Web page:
Income investors love high-yield dividend stocks -- stocks that pay out a high dividend relative to the value of their stock price. But here's the thing: Some stocks pay out too much money as dividends.

Generosity may be a virtue, but when a stock pays out more money in dividends (the dividend yield) than it earns as profits (the payout ratio), that's being generous to a fault. It's a practice that could prove unsustainable, and if it leads the company to cut its dividend, it could leave investors in the lurch.

A pair of scissors are set to cut a stack of dollar bills.

These three dividends could be in for a cut. Image source: Getty Images.

That's the danger that investors in Frontline (NYSE:FRO), in BP plc (NYSE:BP), and in Eni S.p.A. (NYSE:E) face as well.

Stock

Yield

Dividend Per Share

Earnings Per Share

Frontline

15.7%

$0.60

$0.38

BP plc

6.7%

$0.40

$0.11

Eni S.p.A.

5.8%

$0.86

$0.09

DATA SOURCE: S&P Global Market Intelligence.

Sinking in a sea of oil

Big oil, according to the market prognosticators, is in a bear market once again. With oil prices down below $43 a barrel on Tuesday, the oil market as a whole is off 23% from where it started the year. OPEC is cutting production in an attempt to shore up prices. Problem is, there's such a glut of supply already in storage that just cutting the production of new oil isn't enough to change pricing immediately.

This is bad news for oil companies. It's particularly bad news for a company like Frontline, which makes its money shipping oil around the globe to countries that need it -- because if everyone already has enough oil in storage, then they don't have any real need to pay Frontline to ship over some more oil.

You can see this dynamic at play on Frontline's income statement, which had been showing some recovery on the revenue front but saw revenue fall 22% in Q1 -- and profit is down three times as much, at 66%. That marked the fourth straight quarter of declining profit for Frontline, and it's starting to put pressure on the company's dividend, which sits 58% higher than the profit Frontline earns to pay it with. Adding to the company's problems, cash reserves are dwindling, down 35% from 2015 levels at $181 million, and debt levels are swelling, up 44% from 2015 and rapidly approaching $1.1 billion.

With its forward dividend now set at $0.60, Frontline is already on course to pay less in dividends over the next 12 months than it paid over the past 12 months. I wouldn't be surprised to see that dividend go even lower.

BP -- no longer quite "beyond petroleum"

Once upon a time, oil company British Petroleum declared itself "BP" and claimed the name stood for "beyond petroleum." That didn't last very long. By 2011, BP had exited its solar-power business, and two years later, it was out of the wind biz as well. Today, BP probably translates better as "basically, petroleum."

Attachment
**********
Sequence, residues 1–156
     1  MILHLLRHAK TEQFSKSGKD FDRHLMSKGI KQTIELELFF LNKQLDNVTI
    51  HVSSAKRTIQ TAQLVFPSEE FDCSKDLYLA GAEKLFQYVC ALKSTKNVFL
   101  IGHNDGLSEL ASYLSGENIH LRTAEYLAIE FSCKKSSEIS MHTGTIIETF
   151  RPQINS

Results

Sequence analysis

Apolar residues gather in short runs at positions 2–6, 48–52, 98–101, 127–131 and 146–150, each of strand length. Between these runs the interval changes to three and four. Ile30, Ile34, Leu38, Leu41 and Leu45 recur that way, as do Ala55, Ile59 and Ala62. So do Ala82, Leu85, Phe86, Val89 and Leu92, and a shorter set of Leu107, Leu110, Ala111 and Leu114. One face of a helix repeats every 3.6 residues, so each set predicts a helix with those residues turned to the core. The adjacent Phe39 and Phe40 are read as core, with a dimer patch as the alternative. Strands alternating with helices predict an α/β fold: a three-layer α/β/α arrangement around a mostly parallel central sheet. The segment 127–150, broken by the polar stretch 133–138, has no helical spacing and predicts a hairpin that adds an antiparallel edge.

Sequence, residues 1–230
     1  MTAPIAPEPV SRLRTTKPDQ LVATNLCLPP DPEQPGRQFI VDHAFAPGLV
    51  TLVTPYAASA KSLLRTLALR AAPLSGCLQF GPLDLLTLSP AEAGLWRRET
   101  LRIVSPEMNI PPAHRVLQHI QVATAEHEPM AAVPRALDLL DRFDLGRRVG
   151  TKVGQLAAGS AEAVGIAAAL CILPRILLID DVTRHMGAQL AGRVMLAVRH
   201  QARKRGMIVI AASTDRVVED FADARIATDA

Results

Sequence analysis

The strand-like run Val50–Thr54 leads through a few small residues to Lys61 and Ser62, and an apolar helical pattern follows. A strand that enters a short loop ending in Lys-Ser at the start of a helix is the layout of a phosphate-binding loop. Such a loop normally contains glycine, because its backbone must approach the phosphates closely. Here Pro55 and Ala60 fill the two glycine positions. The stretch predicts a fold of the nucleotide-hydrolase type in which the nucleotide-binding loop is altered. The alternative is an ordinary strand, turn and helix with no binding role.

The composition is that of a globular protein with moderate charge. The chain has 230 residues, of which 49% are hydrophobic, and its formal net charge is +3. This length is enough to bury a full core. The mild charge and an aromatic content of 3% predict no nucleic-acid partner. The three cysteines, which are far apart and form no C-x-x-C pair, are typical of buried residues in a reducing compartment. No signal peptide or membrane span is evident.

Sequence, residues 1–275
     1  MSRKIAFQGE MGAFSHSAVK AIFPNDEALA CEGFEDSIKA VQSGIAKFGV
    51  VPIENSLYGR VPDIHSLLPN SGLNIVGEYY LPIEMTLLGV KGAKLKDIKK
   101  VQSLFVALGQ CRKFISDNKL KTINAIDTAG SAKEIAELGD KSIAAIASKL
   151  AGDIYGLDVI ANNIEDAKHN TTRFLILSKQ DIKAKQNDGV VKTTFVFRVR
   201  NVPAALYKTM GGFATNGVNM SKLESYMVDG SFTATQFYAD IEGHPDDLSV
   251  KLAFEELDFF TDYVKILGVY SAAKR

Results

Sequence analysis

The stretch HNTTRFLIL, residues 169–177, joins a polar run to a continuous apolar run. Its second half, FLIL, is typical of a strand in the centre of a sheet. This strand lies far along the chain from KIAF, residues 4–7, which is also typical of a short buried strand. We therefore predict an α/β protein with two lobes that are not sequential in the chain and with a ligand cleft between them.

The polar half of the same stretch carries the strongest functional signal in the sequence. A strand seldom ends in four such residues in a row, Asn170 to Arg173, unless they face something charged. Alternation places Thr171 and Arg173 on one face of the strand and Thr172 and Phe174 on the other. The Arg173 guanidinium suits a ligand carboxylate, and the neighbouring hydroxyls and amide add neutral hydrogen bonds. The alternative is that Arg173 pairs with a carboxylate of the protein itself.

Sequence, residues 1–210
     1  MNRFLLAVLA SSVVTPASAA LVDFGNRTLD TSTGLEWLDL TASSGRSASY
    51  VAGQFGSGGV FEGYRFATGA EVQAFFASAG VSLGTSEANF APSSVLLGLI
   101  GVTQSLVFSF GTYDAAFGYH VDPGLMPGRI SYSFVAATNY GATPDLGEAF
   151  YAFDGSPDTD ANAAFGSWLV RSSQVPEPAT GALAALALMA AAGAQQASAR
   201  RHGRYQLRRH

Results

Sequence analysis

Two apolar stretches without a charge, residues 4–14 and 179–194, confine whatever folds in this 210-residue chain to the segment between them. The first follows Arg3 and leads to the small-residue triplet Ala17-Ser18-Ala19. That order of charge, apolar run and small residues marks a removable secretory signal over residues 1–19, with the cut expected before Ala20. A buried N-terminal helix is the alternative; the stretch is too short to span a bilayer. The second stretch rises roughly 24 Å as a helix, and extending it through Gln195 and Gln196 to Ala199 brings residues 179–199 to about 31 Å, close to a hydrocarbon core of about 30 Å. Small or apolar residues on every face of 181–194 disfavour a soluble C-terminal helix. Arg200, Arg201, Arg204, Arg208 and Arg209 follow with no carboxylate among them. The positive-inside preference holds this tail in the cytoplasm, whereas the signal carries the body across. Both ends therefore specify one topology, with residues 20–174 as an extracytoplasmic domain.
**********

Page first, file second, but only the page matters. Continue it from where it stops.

With oil selling for under $43 a barrel, that's not great news for folks who like BP's dividend.

After first raising its dividend to $0.40 back in 2014, BP has kept it there for two more years. Problem is, no sooner had BP raised its dividend than its revenue and profit began to fall. From a recent high of $380 billion in 2013, BP's revenue fell by more than half -- to less than $183 billion -- last year. Profit, which reached $1.23 per share in 2013, amounted to literally just one penny in 2016 -- and they were negative the year before that.

Today, with $0.11 in trailing profit, BP is paying out nearly four times as much cash in dividends as it's earning from the oil it produces -- a situation that simply cannot stand. Unless oil prices mount back up over $50 soon, I'd be shocked if we don't see BP announce a dividend cut, and soon.

Eni-body see where our profit went?

The situation is similar at oil company Eni S.p.A., Italy's answer to Britain's BP. The downturn came quicker to Eni than it did to BP, with sales cresting at $168 billion in 2012 -- and falling by nearly two-thirds to below $59 billion last year. Profit suffered an even worse blow, plunging from $2.84 per share in 2012 to reported losses in each of 2015 and 2016.

Today, with profit rebounding somewhat in Q1, Eni boasts $0.09 in trailing earnings per share -- but that's barely a tenth of what the oil company is paying its shareholders in dividends annually.

Granted, analysts still have high hopes that both BP and Eni will see their profits return to more normal levels this year. (Frontline may take a bit longer. Analysts forecast losses for Frontline this year and a bit of profit in 2018, with more stable profitability not returning before 2019.) Projections are for profit to come in at $1.42 per share for Eni this year, and $1.91 for BP -- and then to march steadily higher as oil prices stabilize and rise.

With oil selling for well under $50 a barrel, though, I'm not sure how realistic those projections are. Anyone buying these "oil stocks" for their dividend had better keep a close eye on the price of oil itself -- because unless it goes up, these dividends are going down.

Rich Smith has no position in any stocks mentioned. The Motley Fool has no position in any of the stocks mentioned. The Motley Fool has a disclosure policy.